Wrestling Fails to Reclaim Varsity Status Despite $1.6M in Donations

Despite having raised $1.6 million from alumni, the MIT wrestling team was denied by the administration in an attempt to regain varsity status. Wrestling will now function as a club sport, making it the last of the eight varsity sports that were cut from varsity status last spring to transition to club status.

Concerns over the club’s viability motivated the administration’s decision to reject the appeal. In a joint statement released on October 15, Chancellor Phillip L. Clay, Dean for Student Life Chris Colombo, and Director of Athletics Julie Soriero explained the decision to cut the wrestling team as a result of both necessary budget cuts and concerns about the viability of the team.

The statement cited lack of interest as one of the reasons to question the team’s viability: “We do not have winning as a criterion for support but out of fairness to other teams, our resources should go to teams that have student interest and a competitive opportunity.”

As a club team, wrestling will have reduced access to Department of Athletics, Physical Education, and Recreation facilities and varsity sports medicine services. The club will also compete in fewer dual meets than it would have if it were still a varsity team. In addition, members will not be able to compete in the NCAA National Tournament.

Co-captain and All-American wrestler Joseph B. Silverman ’10 said that the lack of prestige and competition was one of the main problems he had with participating at club level: “Wrestling is a sport of goals.” said Silverman. “You make high goals, and you want to beat those goals.”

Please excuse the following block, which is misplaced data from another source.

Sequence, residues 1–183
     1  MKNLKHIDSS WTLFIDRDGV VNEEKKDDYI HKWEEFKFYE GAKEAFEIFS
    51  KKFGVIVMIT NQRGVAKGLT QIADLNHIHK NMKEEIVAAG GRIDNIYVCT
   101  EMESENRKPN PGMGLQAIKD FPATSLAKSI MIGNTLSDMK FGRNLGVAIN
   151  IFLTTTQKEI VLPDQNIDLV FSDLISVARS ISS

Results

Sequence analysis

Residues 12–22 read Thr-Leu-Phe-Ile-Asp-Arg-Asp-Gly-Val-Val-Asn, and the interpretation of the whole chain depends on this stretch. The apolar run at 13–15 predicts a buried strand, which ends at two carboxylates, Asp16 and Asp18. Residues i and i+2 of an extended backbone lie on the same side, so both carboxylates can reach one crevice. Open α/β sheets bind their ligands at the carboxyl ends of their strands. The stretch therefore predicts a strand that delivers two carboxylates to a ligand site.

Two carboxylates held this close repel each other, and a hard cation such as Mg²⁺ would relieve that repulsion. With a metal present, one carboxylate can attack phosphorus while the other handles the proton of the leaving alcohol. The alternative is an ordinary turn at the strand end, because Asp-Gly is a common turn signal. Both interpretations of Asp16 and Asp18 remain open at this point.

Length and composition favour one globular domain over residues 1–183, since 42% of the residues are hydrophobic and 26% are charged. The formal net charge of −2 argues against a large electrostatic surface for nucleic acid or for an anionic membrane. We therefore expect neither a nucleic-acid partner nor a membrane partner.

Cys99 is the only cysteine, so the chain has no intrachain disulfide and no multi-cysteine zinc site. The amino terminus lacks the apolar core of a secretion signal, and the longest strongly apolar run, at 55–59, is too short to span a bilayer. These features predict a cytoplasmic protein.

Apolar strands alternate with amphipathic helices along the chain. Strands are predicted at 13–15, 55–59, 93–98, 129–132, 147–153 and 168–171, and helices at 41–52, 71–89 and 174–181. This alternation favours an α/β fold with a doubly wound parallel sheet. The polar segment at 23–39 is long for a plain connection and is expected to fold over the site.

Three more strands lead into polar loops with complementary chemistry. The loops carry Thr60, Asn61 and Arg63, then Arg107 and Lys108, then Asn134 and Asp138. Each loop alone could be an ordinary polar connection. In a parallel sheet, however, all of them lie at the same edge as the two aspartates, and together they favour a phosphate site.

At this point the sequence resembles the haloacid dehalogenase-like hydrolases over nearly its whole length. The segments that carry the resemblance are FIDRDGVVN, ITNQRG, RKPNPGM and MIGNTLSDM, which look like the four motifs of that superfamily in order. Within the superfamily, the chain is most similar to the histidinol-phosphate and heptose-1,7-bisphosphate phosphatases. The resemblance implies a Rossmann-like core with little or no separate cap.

The evaluation of the wrestling team’s viability was based on several factors, including membership and winning record. Some members of the team said that the system enforced by the administration did not accurately reflect the way wrestling is run.

Co-captain Grant Kadokura ’11 said that he did not fully understand the issues around the administration’s decision to cut varsity wrestling. He said, “Up until recently, we thought there was a considerable chance of becoming a varsity team.”

In an attempt to help the wrestling team regain varsity status, alumni of the team organized to raise $1.6 million to directly fund the program. Loren Dessonville ’75, who co-captained the team and appeared at nationals twice when he was a student, spearheaded the fundraising effort. He helped organize a group of approximately 70 alumni to raise funds for the program, and donors ranged over multiple classes, some dating back to the MIT class of 1953.

“I have more vivid memories of wrestling than 3.091,” said Dessonville. Despite the fundraising efforts, the administration denied to reinstate the varsity wrestling team.

Although the team did not fare well at dual meets last year, some members were successful enough to appear at the NCAA National Tournament and receive All-American awards. Last year, both Glen J. Geesman ’10 and Silverman were named to the Pilgram League Scholar-Athlete All-Star Team.

Some members of the wrestling team describe the sport as central to their MIT experience: Kadokura said he thought wrestling had improved his work ethic, character, and academic performance in school.

Silverman said that he used wrestling as an outlet from academics: “MIT is a different school,” said Silverman, “you really need that outlet; that thing that you love. I really think if it wasn’t for wrestling, I would have gone somewhere else.”

The money raised by the alumni will go partially towards making the club as strong as possible for the time being. By presenting a strong club, the team hopes to show their viability so that the decision of the administration may be someday appealed.